More from The Knowledge of the Holy, by A. W. Tozer
“Compared with our actual thoughts about Him, our creedal statements are of little consequence. Our real idea of God may lie buried under the rubbish of conventional religious notions and may require and intelligent and vigorous search before it is unearthed and exposed for what it really is. Only after an ordeal of painful self-probing are we likely to discover what we actually believe about God.” (2) We can’t hold all of God in our heads; we aren’t big enough (but, I want to insist, what we can hold in our heads is still vitally important). Of what we do understand not all of it travels from our heads to our hearts. What does make it to our hearts has its hand on the rudder of our actions in day to day life. You can know a thing and not believe it, or not believe it with enough combustion that it begins to fire whatever engine of the heart needs to be fired. Tozer is saying that it is a necessary part of the Christian life to work backwards form Z to A and look closely at our visible lives and see what pieces of theology have been deeply embedded enough to matter and what pieces are still waiting on the far side of that threshold. Somewhere in there lies our “real idea of God” and as said before, it is important that our real idea of God correspond as closely as possible to the real God who is there. We are to be held responsible for those areas where it does not.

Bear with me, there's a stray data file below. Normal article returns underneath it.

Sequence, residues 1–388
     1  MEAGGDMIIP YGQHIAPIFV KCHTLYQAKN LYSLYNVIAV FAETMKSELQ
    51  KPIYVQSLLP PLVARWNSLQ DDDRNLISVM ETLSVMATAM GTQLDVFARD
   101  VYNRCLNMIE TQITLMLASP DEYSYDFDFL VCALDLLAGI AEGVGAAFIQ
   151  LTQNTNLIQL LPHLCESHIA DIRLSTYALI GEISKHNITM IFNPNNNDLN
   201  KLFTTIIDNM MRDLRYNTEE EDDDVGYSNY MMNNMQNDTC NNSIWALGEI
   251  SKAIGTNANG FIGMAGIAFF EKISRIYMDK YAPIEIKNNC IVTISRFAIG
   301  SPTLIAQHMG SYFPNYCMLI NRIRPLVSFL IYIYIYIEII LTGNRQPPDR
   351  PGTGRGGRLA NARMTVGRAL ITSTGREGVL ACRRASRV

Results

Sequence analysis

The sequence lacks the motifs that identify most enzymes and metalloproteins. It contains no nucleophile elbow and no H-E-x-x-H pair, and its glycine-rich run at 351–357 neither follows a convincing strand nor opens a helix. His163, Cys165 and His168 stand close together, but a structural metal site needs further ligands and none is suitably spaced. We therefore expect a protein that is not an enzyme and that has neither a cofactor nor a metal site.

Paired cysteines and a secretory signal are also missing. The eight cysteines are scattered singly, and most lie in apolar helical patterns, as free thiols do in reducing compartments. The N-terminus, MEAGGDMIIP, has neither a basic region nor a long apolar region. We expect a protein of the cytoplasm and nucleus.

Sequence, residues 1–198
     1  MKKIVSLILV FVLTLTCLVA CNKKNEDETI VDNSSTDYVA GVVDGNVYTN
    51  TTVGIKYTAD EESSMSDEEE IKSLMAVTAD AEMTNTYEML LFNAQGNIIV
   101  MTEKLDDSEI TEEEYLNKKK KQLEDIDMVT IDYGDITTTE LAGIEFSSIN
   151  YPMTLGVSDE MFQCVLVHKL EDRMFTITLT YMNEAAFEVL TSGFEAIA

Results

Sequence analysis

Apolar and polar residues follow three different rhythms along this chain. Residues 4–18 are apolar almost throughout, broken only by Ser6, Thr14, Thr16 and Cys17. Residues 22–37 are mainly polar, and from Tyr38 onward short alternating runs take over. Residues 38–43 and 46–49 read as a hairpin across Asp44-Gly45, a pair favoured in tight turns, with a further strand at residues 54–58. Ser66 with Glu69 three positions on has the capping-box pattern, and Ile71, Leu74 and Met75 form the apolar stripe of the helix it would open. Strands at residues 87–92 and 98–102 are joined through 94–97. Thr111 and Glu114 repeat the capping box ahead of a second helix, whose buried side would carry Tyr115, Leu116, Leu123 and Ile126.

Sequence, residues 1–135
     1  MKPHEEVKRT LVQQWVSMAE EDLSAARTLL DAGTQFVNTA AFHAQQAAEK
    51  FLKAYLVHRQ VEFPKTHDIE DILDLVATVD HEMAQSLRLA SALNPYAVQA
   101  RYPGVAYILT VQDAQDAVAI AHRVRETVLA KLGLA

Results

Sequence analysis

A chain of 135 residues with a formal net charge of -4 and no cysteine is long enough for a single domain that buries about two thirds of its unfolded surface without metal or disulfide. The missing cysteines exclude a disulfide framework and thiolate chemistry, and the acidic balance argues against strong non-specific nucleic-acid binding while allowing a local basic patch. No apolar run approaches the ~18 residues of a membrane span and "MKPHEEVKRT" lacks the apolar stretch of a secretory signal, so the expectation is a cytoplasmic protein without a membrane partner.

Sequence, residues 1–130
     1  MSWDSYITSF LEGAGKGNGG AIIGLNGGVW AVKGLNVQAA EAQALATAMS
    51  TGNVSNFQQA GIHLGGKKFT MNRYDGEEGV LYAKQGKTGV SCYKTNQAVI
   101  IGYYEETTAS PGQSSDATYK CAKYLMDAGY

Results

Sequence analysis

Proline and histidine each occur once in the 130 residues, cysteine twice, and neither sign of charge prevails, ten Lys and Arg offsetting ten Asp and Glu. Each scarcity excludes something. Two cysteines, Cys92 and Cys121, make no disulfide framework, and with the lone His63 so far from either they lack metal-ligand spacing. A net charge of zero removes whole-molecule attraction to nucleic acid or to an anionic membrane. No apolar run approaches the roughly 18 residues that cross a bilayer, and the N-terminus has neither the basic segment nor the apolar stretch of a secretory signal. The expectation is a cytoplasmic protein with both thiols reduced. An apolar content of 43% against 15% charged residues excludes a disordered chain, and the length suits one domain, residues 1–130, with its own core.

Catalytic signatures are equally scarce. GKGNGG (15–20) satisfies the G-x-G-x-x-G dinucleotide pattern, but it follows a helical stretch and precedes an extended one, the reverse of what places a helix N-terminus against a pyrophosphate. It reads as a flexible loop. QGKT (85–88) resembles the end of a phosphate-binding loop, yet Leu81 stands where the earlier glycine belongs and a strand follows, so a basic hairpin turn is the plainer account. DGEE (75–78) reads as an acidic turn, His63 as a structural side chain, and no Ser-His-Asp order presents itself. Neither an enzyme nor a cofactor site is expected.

“Before the Christian church goes into eclipse anywhere there must first be a corrupting of her simple basic theology. She simple gets a wrong answer to the question, “What is God like?” and goes on from there. Though she may continue to cling to a sound nominal creed, her practical working creed has become false. The masses of her adherents come to believe that God is different than what he actually is; and that is heresy of the most insidious and deadly kind.” (p.4) It is a mistake to imagine that the landscape of Christian theology is a flat, uniform landscape with no variation or disagreement. There are streams and movements of thought like currents in a river all swirling around each other, each with their own unique emphases, priorities, and set of answers to the question “What is God like?” I am not saying they are all different, for all it’s diversity there is beautiful unity in the Christian church, but there are differences, and those differences matter. Which one is right? Without going into any specific debate I want to say that “right” exists. There is an understanding of God which fits reality like a key fits the lock it was made for, and in that understanding lies human flourishing. Tozer is saying that where our understanding of God is different from that unique shape which he actually is the hope of flourishing winks out like a candle. Here too, Tozer wants to hold the church accountable for what is happening beneath it’s umbrella, so to speak. Is it leading people toward the worship of God as he is? Is that truth bringing flourishing to every area of human life? Relationships? Work? Interior mental life? Is there forgiveness? Is there joy? Are the weak being cared for? Are the effects of the fall being fought back wherever they are found? All these will grow and trumpet the truthfulness of the gospel where the gospel is rightly understood and lived, and that is what the church must be.